Local Government 101 EI Course 2 Session 3
Recorded On: 07/27/2018
This three-part course will help you understand bias, how it affects society today, and how equity and inclusion issues touch all aspects of local government management. You will discuss the role of implicit bias and how it plays out at the individual and institutional levels. You will learn how to make the business case for equity and inclusion programs, as well as the hard and soft skills you’ll need to ensure that your organization is doing everything it can to be fair and inclusive for its staff and the community it serves.
Topics covered include:
- Understanding key terminology
- The history of inequities in the United States
- The intersections between different types of bias
- Normalizing conversations about race Structural bias close to home
- Organizing to advance racial equity
- Operationalizing racial equity
- Communicating about race
- The recent findings of ICMA research project “Recruiting and Retaining Underrepresented Groups”
- The hiring process and how to minimize the impact of bias on it
- Managing a heterogenous team
Kendra L. Smith, Ph.D.
Kendra L. Smith, Ph.D., is the associate director for community engagement and research in the Office of Community Engagement in the Center for Population Health Sciences - School of Medicine at Stanford University. She is responsible for expanding the ethical use and knowledge of community-engaged research throughout the Stanford School of Medicine community. She accomplishes this through original research, facilitating seminars and workshops, promoting diversity, and developing community partnerships. Previously, Dr. Smith served as a policy analyst at the Morrison Institute for Public Policy and a research fellow at the Center for Urban Innovation, both at Arizona State University. She is experienced in designing and executing local, state, and national research and evaluation projects. Additionally, Dr. Smith provides independent consulting services to various organizations on topics related to workforce development, community engagement, capacity building, local government, and diversity programs.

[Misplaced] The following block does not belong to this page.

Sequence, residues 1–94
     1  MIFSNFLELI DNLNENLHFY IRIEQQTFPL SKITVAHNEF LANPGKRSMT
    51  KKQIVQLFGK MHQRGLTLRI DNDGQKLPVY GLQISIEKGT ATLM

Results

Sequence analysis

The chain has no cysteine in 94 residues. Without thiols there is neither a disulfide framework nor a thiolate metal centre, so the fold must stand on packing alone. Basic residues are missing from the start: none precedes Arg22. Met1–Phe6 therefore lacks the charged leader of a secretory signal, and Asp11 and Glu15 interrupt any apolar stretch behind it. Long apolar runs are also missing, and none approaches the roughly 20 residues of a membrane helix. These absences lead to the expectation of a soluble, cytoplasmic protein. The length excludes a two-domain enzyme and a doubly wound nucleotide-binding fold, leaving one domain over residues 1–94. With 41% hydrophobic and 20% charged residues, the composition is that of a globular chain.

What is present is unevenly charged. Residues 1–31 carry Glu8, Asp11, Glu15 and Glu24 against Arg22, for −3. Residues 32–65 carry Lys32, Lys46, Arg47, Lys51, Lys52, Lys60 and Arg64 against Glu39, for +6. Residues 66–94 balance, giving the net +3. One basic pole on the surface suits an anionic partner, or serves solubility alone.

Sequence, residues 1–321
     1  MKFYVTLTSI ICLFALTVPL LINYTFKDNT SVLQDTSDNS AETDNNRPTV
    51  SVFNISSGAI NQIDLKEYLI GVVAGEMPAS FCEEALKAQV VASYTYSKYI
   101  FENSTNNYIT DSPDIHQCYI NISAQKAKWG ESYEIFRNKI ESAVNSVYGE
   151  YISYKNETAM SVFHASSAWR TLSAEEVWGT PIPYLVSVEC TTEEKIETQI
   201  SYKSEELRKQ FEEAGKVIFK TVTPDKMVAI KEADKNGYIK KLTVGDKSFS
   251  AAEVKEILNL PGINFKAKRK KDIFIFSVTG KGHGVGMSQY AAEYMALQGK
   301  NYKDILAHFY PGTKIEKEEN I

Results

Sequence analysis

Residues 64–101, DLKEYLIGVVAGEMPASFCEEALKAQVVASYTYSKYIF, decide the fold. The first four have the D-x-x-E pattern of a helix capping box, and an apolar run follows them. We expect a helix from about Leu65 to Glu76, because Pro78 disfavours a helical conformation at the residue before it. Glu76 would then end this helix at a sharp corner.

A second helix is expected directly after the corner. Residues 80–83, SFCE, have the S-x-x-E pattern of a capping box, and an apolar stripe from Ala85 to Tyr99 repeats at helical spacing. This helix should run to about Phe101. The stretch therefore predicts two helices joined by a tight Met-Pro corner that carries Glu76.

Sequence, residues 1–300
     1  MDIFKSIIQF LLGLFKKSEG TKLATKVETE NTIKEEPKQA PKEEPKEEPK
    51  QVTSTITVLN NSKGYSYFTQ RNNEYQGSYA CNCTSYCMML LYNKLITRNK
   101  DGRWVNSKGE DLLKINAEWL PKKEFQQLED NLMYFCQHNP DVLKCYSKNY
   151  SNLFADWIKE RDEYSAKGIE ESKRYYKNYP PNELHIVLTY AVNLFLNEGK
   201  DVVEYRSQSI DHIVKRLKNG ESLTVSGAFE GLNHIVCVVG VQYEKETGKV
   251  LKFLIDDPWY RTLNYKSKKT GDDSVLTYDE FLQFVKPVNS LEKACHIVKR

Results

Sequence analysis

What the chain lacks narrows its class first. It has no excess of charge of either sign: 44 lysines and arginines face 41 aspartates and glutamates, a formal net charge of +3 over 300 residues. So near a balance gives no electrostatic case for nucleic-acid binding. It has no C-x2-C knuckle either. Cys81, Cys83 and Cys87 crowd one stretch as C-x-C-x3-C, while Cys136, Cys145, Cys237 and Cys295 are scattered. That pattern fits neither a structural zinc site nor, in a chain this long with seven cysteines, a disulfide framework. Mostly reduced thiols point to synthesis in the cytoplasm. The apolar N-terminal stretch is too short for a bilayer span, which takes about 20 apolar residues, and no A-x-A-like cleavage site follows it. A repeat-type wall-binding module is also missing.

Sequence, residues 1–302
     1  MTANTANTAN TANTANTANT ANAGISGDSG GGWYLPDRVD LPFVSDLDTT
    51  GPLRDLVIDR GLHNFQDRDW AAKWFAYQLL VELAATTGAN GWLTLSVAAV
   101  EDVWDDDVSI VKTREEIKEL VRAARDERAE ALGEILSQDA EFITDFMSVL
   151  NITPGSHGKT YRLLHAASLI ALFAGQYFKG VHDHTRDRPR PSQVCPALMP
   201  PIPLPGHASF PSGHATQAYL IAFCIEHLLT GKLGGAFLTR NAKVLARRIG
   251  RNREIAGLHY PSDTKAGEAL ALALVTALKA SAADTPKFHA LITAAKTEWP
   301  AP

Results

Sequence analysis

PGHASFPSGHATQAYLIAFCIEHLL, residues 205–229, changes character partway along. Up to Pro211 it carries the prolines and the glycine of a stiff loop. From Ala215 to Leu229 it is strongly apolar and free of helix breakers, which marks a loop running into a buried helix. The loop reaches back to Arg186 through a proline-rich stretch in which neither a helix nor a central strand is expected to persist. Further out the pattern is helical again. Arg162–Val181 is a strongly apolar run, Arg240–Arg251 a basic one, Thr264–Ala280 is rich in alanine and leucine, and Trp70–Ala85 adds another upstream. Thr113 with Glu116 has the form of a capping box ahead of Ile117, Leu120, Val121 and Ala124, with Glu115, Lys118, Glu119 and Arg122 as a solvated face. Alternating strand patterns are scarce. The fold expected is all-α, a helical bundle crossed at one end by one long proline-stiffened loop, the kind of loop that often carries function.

Dr. Smith earned a doctorate in community resources and development of Arizona State University, a master’s in public administration from the University of Oklahoma, and a bachelor’s degree from the University of Central Oklahoma.
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